Thank you for all of your thoughtful insights! I'm glad that my question initiated a productive discussion. The Buffalo guide is a good model for worship listings, but my recent work on Beijing has presented different challenges. Beijing has only a handful of Christian churches, and very few offer services in English. Thus, I added two listings in Beijing/Xuanwu#Cope and Beijing/Haidian#Cope to aid travelers that might be looking for English-language Christian services. However, would it be appropriate to provide worship listings at the city level, instead of the district level? There are only a few places of worship in Beijing that cater their services to foreigners, and Beijing's subway system makes it easy to travel between districts, so providing one city-wide list might be more meaningful to the reader. At the same time, there are several Buddhist temples, so dividing the list by district seems to be more practical for Buddhists. Any thoughts on how to handle this? Edge3 (talk) 06:15, 17 November 2013 (UTC)

For foreign travellers, I think they would prefer these type of services to listed at the city-wide level as you suggest. --118.93nzp (talk) 09:40, 17 November 2013 (UTC)
I would list them in districts so that they could be more easily shown on readable dynamic maps, but mention them in the main article with links to "Cope" sections in such districts. PrinceGloria (talk) 09:45, 17 November 2013 (UTC)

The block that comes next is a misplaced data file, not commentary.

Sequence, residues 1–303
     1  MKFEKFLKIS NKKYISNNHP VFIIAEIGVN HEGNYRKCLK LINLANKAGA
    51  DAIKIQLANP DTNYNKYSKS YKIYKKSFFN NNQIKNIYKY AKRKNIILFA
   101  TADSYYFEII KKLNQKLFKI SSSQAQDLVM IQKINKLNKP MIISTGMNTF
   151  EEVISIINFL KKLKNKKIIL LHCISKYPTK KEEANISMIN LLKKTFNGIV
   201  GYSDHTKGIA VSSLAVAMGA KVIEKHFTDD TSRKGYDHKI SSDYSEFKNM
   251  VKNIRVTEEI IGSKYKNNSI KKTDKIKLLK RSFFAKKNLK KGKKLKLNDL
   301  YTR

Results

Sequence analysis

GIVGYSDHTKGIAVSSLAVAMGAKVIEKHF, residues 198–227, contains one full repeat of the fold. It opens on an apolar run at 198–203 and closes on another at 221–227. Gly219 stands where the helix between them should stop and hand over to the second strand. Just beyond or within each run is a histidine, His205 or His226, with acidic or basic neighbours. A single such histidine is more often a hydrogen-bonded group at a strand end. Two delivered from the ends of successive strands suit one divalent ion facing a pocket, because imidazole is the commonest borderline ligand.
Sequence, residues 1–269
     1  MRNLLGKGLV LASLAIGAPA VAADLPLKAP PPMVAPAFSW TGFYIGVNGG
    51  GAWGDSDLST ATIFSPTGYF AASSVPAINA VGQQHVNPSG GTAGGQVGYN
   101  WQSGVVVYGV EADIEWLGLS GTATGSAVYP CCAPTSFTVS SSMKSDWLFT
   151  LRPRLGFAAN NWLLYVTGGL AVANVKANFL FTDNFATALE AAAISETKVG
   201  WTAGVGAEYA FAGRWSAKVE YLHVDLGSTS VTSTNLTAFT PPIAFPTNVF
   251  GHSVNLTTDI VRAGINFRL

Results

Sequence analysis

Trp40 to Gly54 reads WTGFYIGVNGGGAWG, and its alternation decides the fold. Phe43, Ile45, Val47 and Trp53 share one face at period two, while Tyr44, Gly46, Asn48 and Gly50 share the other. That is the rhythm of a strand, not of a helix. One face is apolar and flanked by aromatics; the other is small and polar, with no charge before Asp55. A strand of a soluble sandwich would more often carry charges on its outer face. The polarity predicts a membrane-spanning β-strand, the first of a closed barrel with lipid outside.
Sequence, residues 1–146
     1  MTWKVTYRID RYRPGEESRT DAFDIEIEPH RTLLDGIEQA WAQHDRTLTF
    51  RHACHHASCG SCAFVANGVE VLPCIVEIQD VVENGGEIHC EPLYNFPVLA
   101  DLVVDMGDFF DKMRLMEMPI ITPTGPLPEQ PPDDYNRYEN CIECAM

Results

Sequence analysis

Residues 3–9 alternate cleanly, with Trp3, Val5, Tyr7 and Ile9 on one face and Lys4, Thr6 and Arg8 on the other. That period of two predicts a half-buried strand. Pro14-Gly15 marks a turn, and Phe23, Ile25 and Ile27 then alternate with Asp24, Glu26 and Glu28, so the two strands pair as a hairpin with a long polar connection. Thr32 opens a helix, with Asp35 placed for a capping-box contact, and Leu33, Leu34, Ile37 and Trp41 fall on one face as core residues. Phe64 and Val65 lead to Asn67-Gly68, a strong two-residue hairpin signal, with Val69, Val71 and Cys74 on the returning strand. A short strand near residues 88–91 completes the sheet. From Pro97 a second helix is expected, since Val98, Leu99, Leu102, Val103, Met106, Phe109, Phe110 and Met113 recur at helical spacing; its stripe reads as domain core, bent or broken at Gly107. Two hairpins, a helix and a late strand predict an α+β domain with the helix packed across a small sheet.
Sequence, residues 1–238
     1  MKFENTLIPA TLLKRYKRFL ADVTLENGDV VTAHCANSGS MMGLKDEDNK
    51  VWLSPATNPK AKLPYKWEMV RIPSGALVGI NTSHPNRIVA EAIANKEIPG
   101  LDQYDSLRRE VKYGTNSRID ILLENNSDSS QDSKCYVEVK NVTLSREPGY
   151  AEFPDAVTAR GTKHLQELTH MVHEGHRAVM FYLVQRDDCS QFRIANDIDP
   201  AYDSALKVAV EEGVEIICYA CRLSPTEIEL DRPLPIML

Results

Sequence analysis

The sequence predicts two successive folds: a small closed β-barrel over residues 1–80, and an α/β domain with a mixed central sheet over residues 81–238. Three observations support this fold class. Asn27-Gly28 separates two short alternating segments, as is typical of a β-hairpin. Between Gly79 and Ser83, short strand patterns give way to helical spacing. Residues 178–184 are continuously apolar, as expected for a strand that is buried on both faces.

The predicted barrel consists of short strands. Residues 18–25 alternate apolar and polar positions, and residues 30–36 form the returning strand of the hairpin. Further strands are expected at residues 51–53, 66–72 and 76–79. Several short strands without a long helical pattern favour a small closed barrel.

Rail trails: where do you stick 'em?[edit]

Swept in from the pub

I'm trying to figure out the best place to stick a rail trail, a non-motorized bike and pedestrian trail converted from an old railway.

Specifically, I'm considering the OC&E Woods Line State Trail in Oregon. I'm thinking it belongs somewhere on the Klamath Falls article. Maybe under "get around" because it's a great way for pedestrians and cyclists to get from one end of town to the other. But maybe "get in" works better because the trail extends well beyond town and meanders quite a ways northeast, passing through a handful of small towns. But then does it go under "by bike" or "by foot"? Or maybe it goes under "do" instead?

Ideas? Athelwulf (talk) 06:42, 26 August 2014 (UTC)

If it is a good size trail and you can write a reasonable article about the route and places along the way then I would suggest creating an itinerary. Something like the Rheinburgenweg listing places of interest along the way as well as an overview of the trail. Then place in the town articles that the trail passes through a link to the page in the do section, like in Koblenz#Do. --Traveler100 (talk) 07:54, 26 August 2014 (UTC)
Athelwulf: I had a similar situation on my hands when I wrote Clarence (though it sounds like the Woods Line State Trail is a good deal longer than the Clarence Pathways). What I ended up doing, and what you might want to use as a sort of template, was giving the trail its own entry under "Do", and also mentioning it in the "By bike" subsection of "Get around". -- AndreCarrotflower (talk) 13:51, 26 August 2014 (UTC)

Official App[edit]

Swept in from the pub

In which section should I add a link to the official app of a town? I am referring to this app. --Lkcl it (Talk) 19:40, 25 September 2014 (UTC)